Lack of transparency leaves pay inequalities unchecked, reveals AMI diversity study



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Many inequalities develop and remain unchecked because of lack of transparency around pay and reward, revealed the latest report by the Association of Mortgage Intermediaries (AMI), supported by Aldermore and Virgin Money.

The Viewpoint on Diversity, Inclusion and Equity in the mortgage industry study comprises the results of its survey conducted in July, in which 1,178 people shared their perceptions and lived experiences of diversity and inclusion in the mortgage industry.

According to the report, 50% of LGBTQ+ people, 46% of women, and 43% of people from ethnic minority backgrounds believe there is a lack of transparency over pay and rewards.

The data highlighted that straight white men consistently earn more than their colleagues, and income inequalities increase with seniority.

The largest discrepancies manifest in the two highest income brackets: 15% of straight white men in the sample earned between £90,000 and £125,000, significantly outnumbering women (6%), LGBTQ+ (2%), and colleagues from ethnic minority backgrounds (5%) who earned that much.

In addition, while 17% of straight white men earned more £125,000, only 2% of women, 4% of LGBTQ+ people and 5% of ethnic minority people reached this income level.

The report also revealed that more than half of women (54%), LGBTQ+ (56%) and ethnic minority (52%) respondents believe that people in these groups are not well represented at all levels of the mortgage industry.

Overall, only 43% of participants agreed that the sector attracts a workforce that is representative of the whole community.

While the overwhelming majority of people (82%) said it is important to improve the diversity, inclusion and equity in the mortgage sector, a quarter of all survey respondents (24%) disagree that the industry is genuinely committed to doing so.

This figure rises to 44% among LGBTQ+ people and 50% among people from ethnic minority backgrounds; however, significantly fewer women (26%) disagree, which suggests that efforts to address gender diversity are paying off.

When asked specifically about whether they agree that everyone in the mortgage industry has the same opportunities to progress and is rewarded fairly, regardless of their demographic profile, 47% of women, 32% of LGBTQ+ people and 28% of people from ethnic minority backgrounds disagreed with the statement.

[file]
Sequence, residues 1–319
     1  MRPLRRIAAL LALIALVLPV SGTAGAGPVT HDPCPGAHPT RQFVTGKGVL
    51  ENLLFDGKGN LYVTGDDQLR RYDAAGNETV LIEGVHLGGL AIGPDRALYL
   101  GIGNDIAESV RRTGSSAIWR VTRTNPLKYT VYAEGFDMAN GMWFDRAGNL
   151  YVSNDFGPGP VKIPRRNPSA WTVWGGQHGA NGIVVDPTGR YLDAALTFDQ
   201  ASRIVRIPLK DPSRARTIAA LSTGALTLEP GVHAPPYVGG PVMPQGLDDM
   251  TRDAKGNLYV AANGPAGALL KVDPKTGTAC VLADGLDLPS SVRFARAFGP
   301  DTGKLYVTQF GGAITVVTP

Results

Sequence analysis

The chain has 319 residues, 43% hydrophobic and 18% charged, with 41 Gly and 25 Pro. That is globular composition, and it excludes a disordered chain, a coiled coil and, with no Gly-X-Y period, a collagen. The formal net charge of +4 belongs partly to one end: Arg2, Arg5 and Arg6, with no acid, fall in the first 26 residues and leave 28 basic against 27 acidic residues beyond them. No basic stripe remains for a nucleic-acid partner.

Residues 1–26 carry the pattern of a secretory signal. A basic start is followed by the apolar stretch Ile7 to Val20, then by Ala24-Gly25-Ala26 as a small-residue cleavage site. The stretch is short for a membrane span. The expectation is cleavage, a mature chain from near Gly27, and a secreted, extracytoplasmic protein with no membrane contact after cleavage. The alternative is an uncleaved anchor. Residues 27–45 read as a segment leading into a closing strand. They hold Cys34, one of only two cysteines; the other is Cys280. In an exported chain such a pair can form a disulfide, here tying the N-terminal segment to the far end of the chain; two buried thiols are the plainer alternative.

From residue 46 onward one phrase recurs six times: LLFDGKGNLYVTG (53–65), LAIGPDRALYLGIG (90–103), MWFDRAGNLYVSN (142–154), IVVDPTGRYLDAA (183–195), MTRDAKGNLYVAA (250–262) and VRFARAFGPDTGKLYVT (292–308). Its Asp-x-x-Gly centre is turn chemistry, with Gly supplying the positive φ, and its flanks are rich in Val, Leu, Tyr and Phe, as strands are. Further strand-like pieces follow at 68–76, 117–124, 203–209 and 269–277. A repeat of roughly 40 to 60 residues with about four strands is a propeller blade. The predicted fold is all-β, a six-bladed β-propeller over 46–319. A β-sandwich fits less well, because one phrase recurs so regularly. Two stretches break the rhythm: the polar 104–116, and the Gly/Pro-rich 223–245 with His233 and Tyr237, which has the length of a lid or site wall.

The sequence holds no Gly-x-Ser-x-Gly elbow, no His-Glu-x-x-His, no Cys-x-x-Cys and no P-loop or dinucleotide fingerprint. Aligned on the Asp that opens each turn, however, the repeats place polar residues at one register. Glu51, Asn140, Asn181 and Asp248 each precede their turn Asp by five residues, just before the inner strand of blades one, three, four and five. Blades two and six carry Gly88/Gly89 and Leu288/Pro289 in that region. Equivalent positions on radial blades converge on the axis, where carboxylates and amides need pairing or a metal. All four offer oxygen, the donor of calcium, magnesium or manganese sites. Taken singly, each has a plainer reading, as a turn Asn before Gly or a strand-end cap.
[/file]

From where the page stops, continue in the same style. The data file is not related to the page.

The AMI stated that discrimination and harassment have no place in our industry or in society, and that a new code of conduct needs to be agreed and signed up to by all firms.

Andrew Montlake, chairman at the AMI, said in the report: “With fewer than half of respondents believing that the mortgage industry attracts a workforce representative of our community, we need to check our own assumptions and behaviours, our unconscious biases, and change the language we use when recruiting.

“Leaders need to understand that this comes from the top, with company culture that is real rather than tokenistic, communicating our values clearly as firms, with prominence on our websites and in our recruitment literature. 

“We should all be clear that we are not just looking for ‘culture fit’, but for ‘culture add’.”

Robert Sinclair, chief executive at the AMI, added: “The report highlights simple actions that we can all take to make a change individually, as well as more structural changes required at firm level.  

“We have some real hope for the future, some real talent to let through our doors, a real chance to make a difference to the lives and experiences of so many within this industry. 

“AMI is committed to work with intermediary firms, lender partners and the industry, as a whole, to do so.

“We must come together, banish poor behaviour and choices, and eliminate any ingrained prejudices to ensure that we, as an industry, attract a diverse workforce.  

“We must champion true meritocracy, smash glass ceilings and ensure we are truly representative of the customers we advise now and in the future; our industry, our people and our clients will thank us.”

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